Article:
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 CodeRage 04-20-2010 12:02 AM

HOW TO: Manually Tune a PID

Auto tune doesn't always work or is fickle, manually tuning can be a daunting task. let's see if we can crash course yah in the fine art of PID tuning.

Let's define Error, it is the difference of the process variable and the set point. Say you are at 100 deg and your set point is 160 then your Error is 60. (if you were at 220 with the same set point you would have a -60 error)

Proportion is a proportion of the error so with an error of 60 and a P of 100 (%) is an output of 60. So this is the thing to consider. How far away from the set point do you want 100% output to be? The 8 deg over shoot suggests to me that you want it around there, so lets say 8 deg. 8* P/100 = 100% output, So P = 1250; for starters. The P is going to be what gets you up to the set point faster.

So test run that with some test water. (I and D = 1).

You will see it may over shoot or it may not get to the set point. If it doesnt get to the setpoint, bump the P up some. You want some over shoot at this point.

Next let it all cool down a bit.

Derivative looks at the rate of change or acceleration of the process variable (PV), ie how fast it is changing. So let's set the D value to 50% of the P value for giggles and run the process that way. The D is what stops the overshoot. If you still over shoot bump the D up and try again. if the output seems to slow down too much when it is real far from the SP than D is probably too high.

Now it may take a little while for it to get to the SP or it may stabilize some where other than the SP, this is a good thing.

I is the amount of error accumulated over time. So the longer and farther away the PV is from the SP the more aggressive I will change the output. With this kind of set up you want a fairly low I value, lets say 20. (It's easier to work up). I is what fixes the steady state error. ie the PID has the PV under control but it isn't near the SP. Move I up until you get the quickest time to the set point, if it starts to overshoot or oscillate I is too high.

It takes some time but a properly tuned loop is good for peace of mind.

 willynilly 04-20-2010 12:13 AM

Subscribed....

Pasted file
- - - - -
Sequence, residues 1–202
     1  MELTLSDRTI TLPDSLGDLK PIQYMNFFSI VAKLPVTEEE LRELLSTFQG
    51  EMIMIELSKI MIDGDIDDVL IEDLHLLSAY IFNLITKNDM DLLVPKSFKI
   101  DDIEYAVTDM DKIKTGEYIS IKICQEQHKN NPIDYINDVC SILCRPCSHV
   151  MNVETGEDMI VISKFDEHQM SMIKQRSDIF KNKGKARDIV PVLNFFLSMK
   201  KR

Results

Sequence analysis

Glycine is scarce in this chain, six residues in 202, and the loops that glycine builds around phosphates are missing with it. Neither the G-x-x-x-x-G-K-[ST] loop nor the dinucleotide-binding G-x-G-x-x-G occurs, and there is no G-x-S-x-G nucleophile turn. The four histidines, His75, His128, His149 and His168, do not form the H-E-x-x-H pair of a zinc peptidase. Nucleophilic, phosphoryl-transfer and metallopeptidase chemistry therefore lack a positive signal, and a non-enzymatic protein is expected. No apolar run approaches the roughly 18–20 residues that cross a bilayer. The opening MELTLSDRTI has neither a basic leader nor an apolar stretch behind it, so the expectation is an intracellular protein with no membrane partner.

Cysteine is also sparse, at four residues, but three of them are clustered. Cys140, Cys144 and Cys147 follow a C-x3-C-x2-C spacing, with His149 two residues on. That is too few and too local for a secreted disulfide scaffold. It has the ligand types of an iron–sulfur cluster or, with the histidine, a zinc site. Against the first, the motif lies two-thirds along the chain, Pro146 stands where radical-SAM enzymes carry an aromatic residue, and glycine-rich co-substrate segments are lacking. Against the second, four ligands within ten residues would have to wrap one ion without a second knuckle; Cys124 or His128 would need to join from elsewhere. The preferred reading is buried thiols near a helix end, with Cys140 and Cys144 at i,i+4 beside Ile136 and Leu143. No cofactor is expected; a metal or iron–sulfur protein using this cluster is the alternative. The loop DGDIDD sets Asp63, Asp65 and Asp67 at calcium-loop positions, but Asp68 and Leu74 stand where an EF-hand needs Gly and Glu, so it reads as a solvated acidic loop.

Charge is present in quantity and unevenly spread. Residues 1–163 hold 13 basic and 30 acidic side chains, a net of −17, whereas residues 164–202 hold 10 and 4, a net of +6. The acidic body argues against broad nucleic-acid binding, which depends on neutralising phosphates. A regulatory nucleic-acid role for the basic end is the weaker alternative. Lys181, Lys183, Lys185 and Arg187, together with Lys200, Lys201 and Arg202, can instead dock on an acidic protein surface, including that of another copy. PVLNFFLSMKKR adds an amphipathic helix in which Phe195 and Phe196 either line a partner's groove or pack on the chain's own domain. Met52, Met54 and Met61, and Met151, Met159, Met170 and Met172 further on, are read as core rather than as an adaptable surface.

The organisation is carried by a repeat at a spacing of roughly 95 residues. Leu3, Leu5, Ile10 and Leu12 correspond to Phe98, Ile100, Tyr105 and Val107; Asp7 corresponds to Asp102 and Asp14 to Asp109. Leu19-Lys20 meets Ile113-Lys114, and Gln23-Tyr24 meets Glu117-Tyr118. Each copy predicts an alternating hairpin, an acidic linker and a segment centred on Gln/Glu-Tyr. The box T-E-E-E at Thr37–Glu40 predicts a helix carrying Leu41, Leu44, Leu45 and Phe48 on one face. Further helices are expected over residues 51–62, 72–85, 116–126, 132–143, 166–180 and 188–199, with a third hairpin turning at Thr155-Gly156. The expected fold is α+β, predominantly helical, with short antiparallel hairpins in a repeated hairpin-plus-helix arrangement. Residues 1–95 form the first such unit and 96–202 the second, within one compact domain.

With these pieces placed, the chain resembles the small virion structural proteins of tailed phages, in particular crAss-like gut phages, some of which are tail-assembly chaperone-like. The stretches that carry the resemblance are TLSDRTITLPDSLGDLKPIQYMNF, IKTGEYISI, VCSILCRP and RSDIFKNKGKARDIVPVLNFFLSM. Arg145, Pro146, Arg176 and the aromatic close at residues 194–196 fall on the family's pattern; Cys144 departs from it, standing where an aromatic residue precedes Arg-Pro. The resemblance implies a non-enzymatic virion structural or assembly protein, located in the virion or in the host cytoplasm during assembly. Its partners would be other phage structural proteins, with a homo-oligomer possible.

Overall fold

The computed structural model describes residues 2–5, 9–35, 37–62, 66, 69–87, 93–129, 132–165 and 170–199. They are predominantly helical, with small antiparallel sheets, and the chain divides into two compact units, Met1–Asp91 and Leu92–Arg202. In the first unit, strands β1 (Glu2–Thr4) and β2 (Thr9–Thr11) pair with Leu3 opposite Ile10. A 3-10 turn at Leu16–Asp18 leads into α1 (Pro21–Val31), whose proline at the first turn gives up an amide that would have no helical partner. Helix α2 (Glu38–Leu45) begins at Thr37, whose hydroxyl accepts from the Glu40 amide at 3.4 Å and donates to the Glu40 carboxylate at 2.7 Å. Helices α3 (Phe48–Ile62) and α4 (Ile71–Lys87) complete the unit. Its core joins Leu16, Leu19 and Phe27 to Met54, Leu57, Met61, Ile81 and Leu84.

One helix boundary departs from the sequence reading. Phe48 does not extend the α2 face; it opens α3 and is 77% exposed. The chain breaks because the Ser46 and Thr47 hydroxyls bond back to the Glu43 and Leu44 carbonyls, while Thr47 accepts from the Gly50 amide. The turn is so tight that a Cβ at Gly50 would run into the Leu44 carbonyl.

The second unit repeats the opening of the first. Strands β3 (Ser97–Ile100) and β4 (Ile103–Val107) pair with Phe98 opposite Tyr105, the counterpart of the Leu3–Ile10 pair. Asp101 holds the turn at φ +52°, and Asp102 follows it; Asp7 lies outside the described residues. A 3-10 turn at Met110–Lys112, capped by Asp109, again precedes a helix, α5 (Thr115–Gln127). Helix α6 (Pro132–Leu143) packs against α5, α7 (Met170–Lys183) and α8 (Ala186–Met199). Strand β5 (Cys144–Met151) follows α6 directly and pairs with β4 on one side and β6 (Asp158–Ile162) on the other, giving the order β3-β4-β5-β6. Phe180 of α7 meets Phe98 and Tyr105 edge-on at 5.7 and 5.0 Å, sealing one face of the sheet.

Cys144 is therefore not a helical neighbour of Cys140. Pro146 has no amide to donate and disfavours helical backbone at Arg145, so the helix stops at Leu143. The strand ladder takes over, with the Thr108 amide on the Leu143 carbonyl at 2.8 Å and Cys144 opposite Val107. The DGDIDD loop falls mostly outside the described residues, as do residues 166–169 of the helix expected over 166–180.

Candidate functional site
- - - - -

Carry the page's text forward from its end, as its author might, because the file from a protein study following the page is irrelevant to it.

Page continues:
Poobah58 04-20-2010 12:48 AM

Good info, but (IMO) you really don't need derivative in our applications. It should only be used on fast changing loads. I set my proportional band (gain) until I overshoot a bit, then use the integral (reset) to settle out the oscillations.

 CodeRage 04-20-2010 12:52 AM

Quote:
 Originally Posted by Poobah58 (Post 2014509) Good info, but (IMO) you really don't need derivative in our applications. It should only be used on fast changing loads. I set my proportional band (gain) until I overshoot a bit, then use the integral (reset) to settle out the oscillations.
It's important in a RIMS application.

For HERMS and BKs, you are correct.

 jkarp 04-20-2010 02:30 AM

Well done CodeRage. With these good descriptions of the values, folks can also use auto-tune as a starting point and adjust accordingly for the behaviors they're seeing. I had to bump I up a bit on my system in the early days.

 Ohio-Ed 04-20-2010 03:05 AM

CodeRage -

Thanks for the write up. I have a BCS-460 which as you know, does not have auto tune mode.
I need to tune the PID's and this will definitely help.

 Chosenwon 04-20-2010 04:14 PM

This is exactly the kind of information I have been looking for, looks like I will be doing some experimenting when I get home from work.

Thanks again.

 Brewmoor 04-20-2010 04:18 PM

Thank you,

I have been having quirky issues with my PID. I have done auto tune several times and feel as though something might not be right. I think I might try to do it manually now.

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